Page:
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There are other more exotic mechanisms that scientists have suggested could have powered the lunar dynamo.

"One involves smacking the moon obliquely with large impacts from asteroids maybe a bunch of times," Weiss said. "You could also use the fact that the moon's spin wobbles over time, which is called precession, and it wobbled a lot more intensely in the past when it was closer to Earth, and that could also instill motion to power a dynamo. Both these mechanisms are not known in any planetary body today, and would represent new ways of generating magnetic fields."

Another mechanism could be the main power source for Earth's dynamo, which is crystallization of its core, which causes lighter elements such as sulfur to float from the bottom to the top, stirring matter up. "This could have played an important role in sustaining the lunar dynamo," Weiss said.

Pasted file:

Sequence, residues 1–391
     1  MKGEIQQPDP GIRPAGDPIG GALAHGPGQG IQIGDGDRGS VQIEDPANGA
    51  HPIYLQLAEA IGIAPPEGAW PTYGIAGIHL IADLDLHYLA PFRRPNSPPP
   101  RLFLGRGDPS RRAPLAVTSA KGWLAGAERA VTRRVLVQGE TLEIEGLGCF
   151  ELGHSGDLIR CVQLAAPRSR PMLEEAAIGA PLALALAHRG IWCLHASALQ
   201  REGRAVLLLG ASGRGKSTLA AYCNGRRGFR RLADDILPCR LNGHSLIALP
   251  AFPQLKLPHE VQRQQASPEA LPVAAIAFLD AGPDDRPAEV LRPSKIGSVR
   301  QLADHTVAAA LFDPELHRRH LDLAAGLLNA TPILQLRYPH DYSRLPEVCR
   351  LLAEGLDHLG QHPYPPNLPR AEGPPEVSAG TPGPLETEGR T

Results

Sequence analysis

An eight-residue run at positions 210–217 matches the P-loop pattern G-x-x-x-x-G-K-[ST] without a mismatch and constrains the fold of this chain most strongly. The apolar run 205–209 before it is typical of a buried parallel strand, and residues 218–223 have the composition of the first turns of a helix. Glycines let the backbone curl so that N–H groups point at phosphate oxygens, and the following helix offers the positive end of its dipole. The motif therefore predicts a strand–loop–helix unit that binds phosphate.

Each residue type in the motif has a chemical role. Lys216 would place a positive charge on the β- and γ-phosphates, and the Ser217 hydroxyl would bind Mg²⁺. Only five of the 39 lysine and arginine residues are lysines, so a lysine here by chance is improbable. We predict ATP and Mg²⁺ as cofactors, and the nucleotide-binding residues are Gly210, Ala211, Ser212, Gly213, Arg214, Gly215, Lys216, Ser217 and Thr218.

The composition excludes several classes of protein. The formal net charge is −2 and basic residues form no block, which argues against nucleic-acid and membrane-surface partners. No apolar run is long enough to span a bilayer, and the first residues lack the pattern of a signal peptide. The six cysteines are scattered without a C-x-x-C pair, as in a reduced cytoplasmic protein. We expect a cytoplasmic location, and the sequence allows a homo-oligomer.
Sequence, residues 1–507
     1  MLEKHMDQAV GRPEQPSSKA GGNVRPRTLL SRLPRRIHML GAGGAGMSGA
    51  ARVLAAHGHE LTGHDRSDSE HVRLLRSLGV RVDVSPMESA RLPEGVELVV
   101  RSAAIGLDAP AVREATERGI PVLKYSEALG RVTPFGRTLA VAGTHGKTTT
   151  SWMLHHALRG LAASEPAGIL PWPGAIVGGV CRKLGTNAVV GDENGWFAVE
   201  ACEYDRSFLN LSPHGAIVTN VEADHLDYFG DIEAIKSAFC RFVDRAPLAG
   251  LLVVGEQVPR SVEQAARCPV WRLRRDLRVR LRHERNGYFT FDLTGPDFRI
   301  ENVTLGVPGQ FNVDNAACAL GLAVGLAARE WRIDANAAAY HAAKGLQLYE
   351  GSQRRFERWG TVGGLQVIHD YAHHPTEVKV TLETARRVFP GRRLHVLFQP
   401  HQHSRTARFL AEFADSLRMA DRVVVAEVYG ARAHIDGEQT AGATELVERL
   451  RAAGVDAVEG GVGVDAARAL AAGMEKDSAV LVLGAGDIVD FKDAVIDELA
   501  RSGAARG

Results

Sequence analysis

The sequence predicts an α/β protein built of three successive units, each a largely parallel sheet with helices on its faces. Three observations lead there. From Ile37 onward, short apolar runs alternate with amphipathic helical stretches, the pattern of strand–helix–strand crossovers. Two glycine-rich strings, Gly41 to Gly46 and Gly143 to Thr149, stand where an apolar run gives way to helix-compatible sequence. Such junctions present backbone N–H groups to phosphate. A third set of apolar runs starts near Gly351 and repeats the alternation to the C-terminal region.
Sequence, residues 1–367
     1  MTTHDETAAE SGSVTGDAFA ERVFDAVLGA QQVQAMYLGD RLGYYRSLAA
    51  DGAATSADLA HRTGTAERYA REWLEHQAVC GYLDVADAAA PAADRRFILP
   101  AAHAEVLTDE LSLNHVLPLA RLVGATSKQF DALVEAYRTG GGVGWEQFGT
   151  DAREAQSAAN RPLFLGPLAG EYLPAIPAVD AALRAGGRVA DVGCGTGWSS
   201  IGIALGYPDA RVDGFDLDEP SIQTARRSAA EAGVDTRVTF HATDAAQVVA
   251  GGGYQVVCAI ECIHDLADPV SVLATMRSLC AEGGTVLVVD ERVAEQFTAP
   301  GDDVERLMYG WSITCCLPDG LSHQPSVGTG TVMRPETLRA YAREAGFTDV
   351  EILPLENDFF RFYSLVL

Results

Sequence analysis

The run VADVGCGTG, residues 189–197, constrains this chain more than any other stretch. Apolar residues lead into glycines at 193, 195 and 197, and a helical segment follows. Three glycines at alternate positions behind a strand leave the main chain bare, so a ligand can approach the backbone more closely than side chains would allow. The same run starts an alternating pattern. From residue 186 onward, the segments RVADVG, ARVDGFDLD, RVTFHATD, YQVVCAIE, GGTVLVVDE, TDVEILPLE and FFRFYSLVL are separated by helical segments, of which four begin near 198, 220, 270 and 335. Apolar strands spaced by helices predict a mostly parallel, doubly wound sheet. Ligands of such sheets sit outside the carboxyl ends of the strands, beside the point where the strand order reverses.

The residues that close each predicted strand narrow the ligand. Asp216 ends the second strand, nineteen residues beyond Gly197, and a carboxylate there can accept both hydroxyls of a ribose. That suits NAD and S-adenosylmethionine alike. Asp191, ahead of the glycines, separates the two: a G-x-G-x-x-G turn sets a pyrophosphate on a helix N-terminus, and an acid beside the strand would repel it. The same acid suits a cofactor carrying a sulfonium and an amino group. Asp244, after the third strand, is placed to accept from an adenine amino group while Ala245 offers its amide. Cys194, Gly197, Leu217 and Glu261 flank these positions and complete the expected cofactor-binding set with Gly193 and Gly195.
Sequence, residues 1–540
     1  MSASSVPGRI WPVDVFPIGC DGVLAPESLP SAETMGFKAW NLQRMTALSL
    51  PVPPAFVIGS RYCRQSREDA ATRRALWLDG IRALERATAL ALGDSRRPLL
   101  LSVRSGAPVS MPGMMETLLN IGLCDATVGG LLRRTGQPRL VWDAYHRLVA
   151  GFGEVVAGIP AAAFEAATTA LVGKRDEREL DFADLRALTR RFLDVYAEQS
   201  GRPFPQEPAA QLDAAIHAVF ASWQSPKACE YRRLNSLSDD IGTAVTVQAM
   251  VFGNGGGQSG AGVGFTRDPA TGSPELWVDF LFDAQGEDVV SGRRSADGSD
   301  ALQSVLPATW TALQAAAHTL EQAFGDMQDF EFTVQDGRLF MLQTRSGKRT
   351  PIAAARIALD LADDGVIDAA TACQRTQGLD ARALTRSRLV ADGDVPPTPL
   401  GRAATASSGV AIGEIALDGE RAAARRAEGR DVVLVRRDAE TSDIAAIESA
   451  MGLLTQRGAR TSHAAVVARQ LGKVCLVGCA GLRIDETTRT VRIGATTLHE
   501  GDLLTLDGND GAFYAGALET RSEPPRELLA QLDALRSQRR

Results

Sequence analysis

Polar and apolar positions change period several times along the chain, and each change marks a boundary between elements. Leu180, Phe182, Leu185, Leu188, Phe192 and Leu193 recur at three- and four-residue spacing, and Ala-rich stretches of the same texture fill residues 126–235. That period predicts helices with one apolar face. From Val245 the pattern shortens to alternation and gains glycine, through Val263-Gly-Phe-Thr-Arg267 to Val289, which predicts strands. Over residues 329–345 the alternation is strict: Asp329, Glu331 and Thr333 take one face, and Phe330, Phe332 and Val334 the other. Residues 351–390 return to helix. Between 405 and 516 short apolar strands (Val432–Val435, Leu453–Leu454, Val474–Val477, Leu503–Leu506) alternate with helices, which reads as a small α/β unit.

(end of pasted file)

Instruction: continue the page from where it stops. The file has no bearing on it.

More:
Oddly, the lunar magnetic field did not disappear completely after 3.5 billion years ago, but persisted, albeit at least 10 times weaker, until at least about 3.2 billion years ago.

"Maybe there were multiple dynamo mechanisms operating at different times in lunar history — one mechanism during the moon's early period when the magnetic field was really strong, like precession, and when that shut off, another weaker mechanism took over for a while, like core crystallization," Weiss said. Certain models suggest the lunar dynamo could spontaneously transition from strong to weak, he added.

Much remains unknown about the moon's magnetic field. "We still don't know when the lunar dynamo turned off," Weiss said. "There's evidence it lasted until at least 3.3 billion years ago, and perhaps as long as 1.3 billion years ago, really pushing the limits of what we know can power the lunar dynamo."

Weiss and his colleague Sonia Tikoo reported the latest findings on the lunar dynamo online today (Dec. 4) in the journal Science.